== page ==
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HomeNewsLocal newsSpecial Olympians Compete – with Smiles – in 38th Games

Special Olympians Compete – with Smiles – in 38th Games

Special Olympians have fun running a race.Promptly at 9 a.m., a cadre from the V.I. Police Department burst through the gate at Renaissance Park to kick off the Special Olympics on St. Croix Saturday.

Officer Janella John led the traditional Law Enforcement Torch Run. More than a dozen law enforcement personnel ran from the Frederiksted station to the Special Olympics site. John passed the torch to Special Olympian Era Daniel, who then ran around the track to launch the official parade.

The Junior ROTC Color Guard led the parade of athletes around the track before the crowd repeated the Special Olympics Pledge and promised to be brave even if they didn’t win. Gerald Evans, who has done so for three decades, sang the National Anthem and V.I. March in a clear, melodic voice.

Janice Lee, who retired after decades as director of St. Croix’s Special Olympics, served as MC once again. Last year, she said that although she was retiring, she “will be here always.” Lee thanked volunteers and sponsors and orchestrated the activities.

After a performance by the ROTC drill team, Special Olympians, grouped by ages and gender to level the playing field, scattered to participate in the games – basketball, soccer, bocce, long jump, races of 50 and 100 meters and other sports.

Attendance was lower than the 120 people who registered for the event, but those who participated demonstrated the traditional spirit of enthusiasm and competition.

Keinesia Garcia, Arianne Wright and L'Drina Adonza beam after receiving their medals Saturday.Special Olympics is one sports event where the participants don’t appear stressed or even focused on winning – an event where participation really is the goal. Time and time again, the facial expressions were smiles. The runners tried their hardest to reach the finish line – grinning all the way. Watching them compete, one would think the bocce ball players were a hardened team, but they broke up in laughter no matter who threw the ball.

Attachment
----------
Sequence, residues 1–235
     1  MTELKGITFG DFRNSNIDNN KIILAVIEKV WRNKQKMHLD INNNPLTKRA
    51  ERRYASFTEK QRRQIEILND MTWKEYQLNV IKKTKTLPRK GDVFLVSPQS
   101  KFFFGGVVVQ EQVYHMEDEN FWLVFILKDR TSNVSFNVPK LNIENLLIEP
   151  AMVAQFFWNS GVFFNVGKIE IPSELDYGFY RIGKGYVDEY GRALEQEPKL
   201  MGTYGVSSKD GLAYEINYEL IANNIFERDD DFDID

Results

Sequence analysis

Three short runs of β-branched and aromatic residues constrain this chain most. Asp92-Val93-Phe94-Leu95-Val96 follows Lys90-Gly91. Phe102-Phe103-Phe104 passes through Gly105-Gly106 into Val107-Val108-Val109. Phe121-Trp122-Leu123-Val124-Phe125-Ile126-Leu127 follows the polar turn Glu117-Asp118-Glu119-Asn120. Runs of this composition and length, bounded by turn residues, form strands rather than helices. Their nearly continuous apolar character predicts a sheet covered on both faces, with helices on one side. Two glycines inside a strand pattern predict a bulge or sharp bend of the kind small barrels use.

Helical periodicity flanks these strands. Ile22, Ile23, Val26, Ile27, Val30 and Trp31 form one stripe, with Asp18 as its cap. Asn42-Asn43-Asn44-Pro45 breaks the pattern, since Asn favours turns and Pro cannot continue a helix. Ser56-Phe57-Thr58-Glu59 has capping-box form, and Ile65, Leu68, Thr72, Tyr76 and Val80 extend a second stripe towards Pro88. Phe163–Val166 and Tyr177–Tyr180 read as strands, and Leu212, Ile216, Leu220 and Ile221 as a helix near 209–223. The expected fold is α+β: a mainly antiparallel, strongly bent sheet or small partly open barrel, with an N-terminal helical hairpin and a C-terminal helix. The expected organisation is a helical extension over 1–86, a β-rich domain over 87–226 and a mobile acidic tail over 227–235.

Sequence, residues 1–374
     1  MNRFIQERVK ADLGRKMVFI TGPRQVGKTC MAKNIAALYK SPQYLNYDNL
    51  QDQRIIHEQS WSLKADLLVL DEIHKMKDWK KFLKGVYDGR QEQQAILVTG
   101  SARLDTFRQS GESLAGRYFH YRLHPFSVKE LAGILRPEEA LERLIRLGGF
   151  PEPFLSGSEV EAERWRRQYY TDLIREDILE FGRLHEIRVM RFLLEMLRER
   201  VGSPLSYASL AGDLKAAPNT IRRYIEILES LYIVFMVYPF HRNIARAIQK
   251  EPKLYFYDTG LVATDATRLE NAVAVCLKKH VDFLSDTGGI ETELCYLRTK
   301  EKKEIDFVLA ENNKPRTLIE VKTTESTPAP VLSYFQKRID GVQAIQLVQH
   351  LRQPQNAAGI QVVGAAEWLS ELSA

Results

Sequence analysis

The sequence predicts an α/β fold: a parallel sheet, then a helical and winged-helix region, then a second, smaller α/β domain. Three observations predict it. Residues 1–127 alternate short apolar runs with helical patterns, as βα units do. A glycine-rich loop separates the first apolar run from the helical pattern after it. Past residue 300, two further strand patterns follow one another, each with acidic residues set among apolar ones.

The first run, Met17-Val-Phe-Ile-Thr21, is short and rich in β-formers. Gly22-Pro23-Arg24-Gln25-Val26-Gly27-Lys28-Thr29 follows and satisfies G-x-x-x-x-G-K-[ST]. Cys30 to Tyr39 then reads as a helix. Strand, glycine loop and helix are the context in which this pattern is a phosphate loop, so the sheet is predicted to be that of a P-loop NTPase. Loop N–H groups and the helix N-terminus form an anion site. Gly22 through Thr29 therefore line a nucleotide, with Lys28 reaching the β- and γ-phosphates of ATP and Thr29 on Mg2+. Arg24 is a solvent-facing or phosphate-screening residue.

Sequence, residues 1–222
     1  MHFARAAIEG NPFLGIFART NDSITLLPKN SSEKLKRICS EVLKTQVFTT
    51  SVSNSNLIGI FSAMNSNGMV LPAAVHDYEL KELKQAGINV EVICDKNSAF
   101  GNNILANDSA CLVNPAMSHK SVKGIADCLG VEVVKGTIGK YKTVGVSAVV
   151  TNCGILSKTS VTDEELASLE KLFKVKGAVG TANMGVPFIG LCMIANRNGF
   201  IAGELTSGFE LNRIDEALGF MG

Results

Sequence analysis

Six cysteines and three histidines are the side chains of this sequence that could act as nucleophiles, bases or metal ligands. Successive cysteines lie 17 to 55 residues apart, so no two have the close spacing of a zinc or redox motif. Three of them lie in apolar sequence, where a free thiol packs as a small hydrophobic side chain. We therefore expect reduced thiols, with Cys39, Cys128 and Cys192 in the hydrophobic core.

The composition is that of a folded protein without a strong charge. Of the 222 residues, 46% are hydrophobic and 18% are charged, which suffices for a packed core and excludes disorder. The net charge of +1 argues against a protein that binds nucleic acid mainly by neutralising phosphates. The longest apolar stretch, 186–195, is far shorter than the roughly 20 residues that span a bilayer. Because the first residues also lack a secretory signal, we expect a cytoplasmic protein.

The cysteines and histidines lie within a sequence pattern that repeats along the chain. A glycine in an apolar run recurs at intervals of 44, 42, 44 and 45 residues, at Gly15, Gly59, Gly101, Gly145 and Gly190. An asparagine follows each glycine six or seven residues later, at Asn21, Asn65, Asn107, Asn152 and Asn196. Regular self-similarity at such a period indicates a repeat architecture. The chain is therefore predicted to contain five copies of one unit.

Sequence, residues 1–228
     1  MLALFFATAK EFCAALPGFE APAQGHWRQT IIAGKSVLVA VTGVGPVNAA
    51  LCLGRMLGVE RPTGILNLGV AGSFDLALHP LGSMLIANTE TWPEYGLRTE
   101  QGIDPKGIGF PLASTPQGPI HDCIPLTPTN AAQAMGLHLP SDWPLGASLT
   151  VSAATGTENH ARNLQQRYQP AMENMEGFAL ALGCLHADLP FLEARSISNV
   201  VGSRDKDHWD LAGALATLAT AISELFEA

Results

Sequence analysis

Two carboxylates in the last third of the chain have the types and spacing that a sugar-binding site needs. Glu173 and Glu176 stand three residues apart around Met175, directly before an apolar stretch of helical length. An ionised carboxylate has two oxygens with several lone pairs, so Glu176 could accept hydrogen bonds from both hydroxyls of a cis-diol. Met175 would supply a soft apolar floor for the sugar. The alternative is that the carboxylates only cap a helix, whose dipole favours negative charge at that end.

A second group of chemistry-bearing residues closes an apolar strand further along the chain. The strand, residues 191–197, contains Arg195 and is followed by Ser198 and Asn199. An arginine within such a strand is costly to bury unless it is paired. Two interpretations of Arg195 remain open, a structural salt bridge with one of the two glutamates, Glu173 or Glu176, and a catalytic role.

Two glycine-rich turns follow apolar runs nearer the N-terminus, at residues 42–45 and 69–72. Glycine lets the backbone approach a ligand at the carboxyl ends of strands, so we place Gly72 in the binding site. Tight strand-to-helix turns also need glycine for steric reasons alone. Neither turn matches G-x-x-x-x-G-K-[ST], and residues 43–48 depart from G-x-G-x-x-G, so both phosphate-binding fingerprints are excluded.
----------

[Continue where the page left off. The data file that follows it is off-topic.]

Several enthusiastic young children ran repeated races just for the fun of it. A couple of smaller boys ran through the crowd at the end of their event prompting adults to try to chase them down – without coming close. Most parents were close by all of the time.

Many of the Special Olympians have participated in the competition for years.

Lutheran Social Services manages Queen Louise Home for Children, Sr. Emma Cottage for developmentally disabled children, and housing for adults with disabilities. Junia John, executive director of LSS, said the kids and adults get excited before the event and obvious by the medals. They also give it a good effort, he said.

Over the years, one client from St. Thomas participated in the world games, she said.

“This is wonderful that we have such an occasion we can really recognize people with special needs and show them the love and support they deserve,” John said.

Teams play bocce for medals at the Special Olympics.Several government officials addressed the participants and offered words of encouragement. Gov. Kenneth Mapp told the participants he was proud to attend the event “nearly every year.”

“It is about a lot of fun. It is about full inclusion and connecting with everyone here. It’s about just having a good time,” Mapp told the Source.

Vivian Ebbesen–Fludd, designated Human Services commissioner, said her department is responsible for making sure residents with disabilities “live normal lives.”

“Special Olympics allows the community to appreciate people with disabilities and really get an understanding about disabilities,” Ebbesen-Fludd said.

Senate President Neville James, Sen. Sammuel Sanes, ADA coordinator Jamilla Russell and St. Croix Administrator Stephanie Williams also attended the event. James awarded medals while Sanes, a frequent volunteer, was a timekeeper.

The Special Olympics of the Virgin Islands chapter includes all of the territory. Next weekend, games will be held on St. Thomas.

Funding for events and travel are raised through donations and the staff and coaches are volunteers.

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